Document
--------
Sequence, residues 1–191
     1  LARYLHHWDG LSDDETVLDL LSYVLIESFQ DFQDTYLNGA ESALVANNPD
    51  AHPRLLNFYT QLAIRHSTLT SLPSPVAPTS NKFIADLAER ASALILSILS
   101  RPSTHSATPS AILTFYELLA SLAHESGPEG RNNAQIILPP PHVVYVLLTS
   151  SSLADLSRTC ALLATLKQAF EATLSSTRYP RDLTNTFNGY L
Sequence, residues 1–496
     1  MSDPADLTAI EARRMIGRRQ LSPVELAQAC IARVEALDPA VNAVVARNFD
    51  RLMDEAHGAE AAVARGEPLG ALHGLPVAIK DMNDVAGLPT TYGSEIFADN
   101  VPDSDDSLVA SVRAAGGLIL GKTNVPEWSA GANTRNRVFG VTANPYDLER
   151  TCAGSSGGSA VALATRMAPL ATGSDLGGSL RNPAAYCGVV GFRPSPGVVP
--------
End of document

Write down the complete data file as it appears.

Sequence, residues 1–191
     1  LARYLHHWDG LSDDETVLDL LSYVLIESFQ DFQDTYLNGA ESALVANNPD
    51  AHPRLLNFYT QLAIRHSTLT SLPSPVAPTS NKFIADLAER ASALILSILS
   101  RPSTHSATPS AILTFYELLA SLAHESGPEG RNNAQIILPP PHVVYVLLTS
   151  SSLADLSRTC ALLATLKQAF EATLSSTRYP RDLTNTFNGY L
Sequence, residues 1–496
     1  MSDPADLTAI EARRMIGRRQ LSPVELAQAC IARVEALDPA VNAVVARNFD
    51  RLMDEAHGAE AAVARGEPLG ALHGLPVAIK DMNDVAGLPT TYGSEIFADN
   101  VPDSDDSLVA SVRAAGGLIL GKTNVPEWSA GANTRNRVFG VTANPYDLER
   151  TCAGSSGGSA VALATRMAPL ATGSDLGGSL RNPAAYCGVV GFRPSPGVVP